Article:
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Data-Driven Gender Equality

When the UN General Assembly gathers for its annual meeting this week, sustainable development will be high on the agenda. But of the 17 Sustainable Development Goals up for review, progress on one goal in particular – gender equality for women and girls – will be key to building a world where everyone can thrive.

NEW YORK – A key agenda item at this year’s annual meeting of the United Nations General Assembly, under way this week, will be to assess global progress on the Sustainable Development Goals (SDGs), the UN’s consensus roadmap for solving the world’s biggest challenges by 2030.

I was part of the UN team that helped create the Millennium Development Goals, which preceded the SDGs. By the time the MDGs concluded in 2015, they had fueled some of the fastest and most extensive gains in global health and development the world has ever seen. The MDGs paved the way for the SDGs, and I have been encouraged by the commitment the global community has shown to sustaining the post-2015 development agenda.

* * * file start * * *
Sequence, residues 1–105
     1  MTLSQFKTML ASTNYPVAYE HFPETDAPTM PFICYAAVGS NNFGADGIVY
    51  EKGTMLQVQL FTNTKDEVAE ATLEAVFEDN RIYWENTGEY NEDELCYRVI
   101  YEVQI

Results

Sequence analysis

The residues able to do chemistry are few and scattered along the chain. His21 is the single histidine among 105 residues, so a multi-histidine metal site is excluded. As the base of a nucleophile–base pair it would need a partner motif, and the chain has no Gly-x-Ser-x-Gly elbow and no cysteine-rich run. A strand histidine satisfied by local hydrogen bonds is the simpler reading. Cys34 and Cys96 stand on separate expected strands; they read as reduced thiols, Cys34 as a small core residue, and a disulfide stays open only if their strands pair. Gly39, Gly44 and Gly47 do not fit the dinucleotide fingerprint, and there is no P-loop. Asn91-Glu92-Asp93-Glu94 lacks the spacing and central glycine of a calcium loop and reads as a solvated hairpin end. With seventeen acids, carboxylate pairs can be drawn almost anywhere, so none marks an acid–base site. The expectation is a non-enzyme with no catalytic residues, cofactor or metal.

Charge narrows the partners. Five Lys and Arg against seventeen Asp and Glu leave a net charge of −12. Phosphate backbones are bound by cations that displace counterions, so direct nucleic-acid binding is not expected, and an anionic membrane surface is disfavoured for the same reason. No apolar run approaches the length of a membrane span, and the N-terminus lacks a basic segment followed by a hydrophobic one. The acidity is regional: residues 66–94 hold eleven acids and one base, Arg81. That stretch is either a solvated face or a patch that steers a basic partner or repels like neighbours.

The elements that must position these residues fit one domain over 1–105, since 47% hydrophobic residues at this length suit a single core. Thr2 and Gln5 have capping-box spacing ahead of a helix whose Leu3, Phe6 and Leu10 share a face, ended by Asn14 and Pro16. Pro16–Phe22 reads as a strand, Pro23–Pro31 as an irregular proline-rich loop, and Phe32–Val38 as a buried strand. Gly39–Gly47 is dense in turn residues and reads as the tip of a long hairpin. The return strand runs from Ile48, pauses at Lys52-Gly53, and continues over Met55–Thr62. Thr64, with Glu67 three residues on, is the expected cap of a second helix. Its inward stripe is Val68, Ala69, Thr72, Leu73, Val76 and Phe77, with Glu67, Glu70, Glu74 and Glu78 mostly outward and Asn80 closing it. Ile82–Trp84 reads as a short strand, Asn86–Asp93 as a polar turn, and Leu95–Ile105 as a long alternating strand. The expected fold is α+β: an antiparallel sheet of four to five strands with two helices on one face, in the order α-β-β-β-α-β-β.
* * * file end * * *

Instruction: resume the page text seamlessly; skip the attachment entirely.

But it has also become clear to me and others that without a more deliberate, data-driven focus on the needs of women and girls in particular, progress toward a wide range of objectives will suffer. If we fail to achieve universal gender equality, we will fall short of many other goals, from ending poverty to ensuring good health.

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